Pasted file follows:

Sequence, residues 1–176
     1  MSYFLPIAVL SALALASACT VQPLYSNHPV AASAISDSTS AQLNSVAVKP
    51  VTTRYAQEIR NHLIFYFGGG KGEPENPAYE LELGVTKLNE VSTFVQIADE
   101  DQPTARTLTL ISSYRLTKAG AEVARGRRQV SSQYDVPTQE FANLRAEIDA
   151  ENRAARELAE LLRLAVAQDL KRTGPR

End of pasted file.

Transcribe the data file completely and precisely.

Sequence, residues 1–176
     1  MSYFLPIAVL SALALASACT VQPLYSNHPV AASAISDSTS AQLNSVAVKP
    51  VTTRYAQEIR NHLIFYFGGG KGEPENPAYE LELGVTKLNE VSTFVQIADE
   101  DQPTARTLTL ISSYRLTKAG AEVARGRRQV SSQYDVPTQE FANLRAEIDA
   151  ENRAARELAE LLRLAVAQDL KRTGPR